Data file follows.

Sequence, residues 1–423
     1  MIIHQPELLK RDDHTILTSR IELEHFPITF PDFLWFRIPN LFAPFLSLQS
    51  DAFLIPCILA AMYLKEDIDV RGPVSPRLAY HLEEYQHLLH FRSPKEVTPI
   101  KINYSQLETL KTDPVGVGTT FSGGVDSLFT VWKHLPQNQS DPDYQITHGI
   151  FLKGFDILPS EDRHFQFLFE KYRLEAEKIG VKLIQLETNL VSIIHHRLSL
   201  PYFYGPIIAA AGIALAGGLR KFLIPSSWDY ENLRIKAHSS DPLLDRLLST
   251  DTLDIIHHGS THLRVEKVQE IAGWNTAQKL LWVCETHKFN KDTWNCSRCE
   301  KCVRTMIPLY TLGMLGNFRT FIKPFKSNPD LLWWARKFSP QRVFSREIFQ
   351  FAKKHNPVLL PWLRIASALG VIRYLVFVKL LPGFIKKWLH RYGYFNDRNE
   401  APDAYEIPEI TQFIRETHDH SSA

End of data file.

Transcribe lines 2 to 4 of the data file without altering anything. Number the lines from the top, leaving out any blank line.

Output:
     1  MIIHQPELLK RDDHTILTSR IELEHFPITF PDFLWFRIPN LFAPFLSLQS
    51  DAFLIPCILA AMYLKEDIDV RGPVSPRLAY HLEEYQHLLH FRSPKEVTPI
   101  KINYSQLETL KTDPVGVGTT FSGGVDSLFT VWKHLPQNQS DPDYQITHGI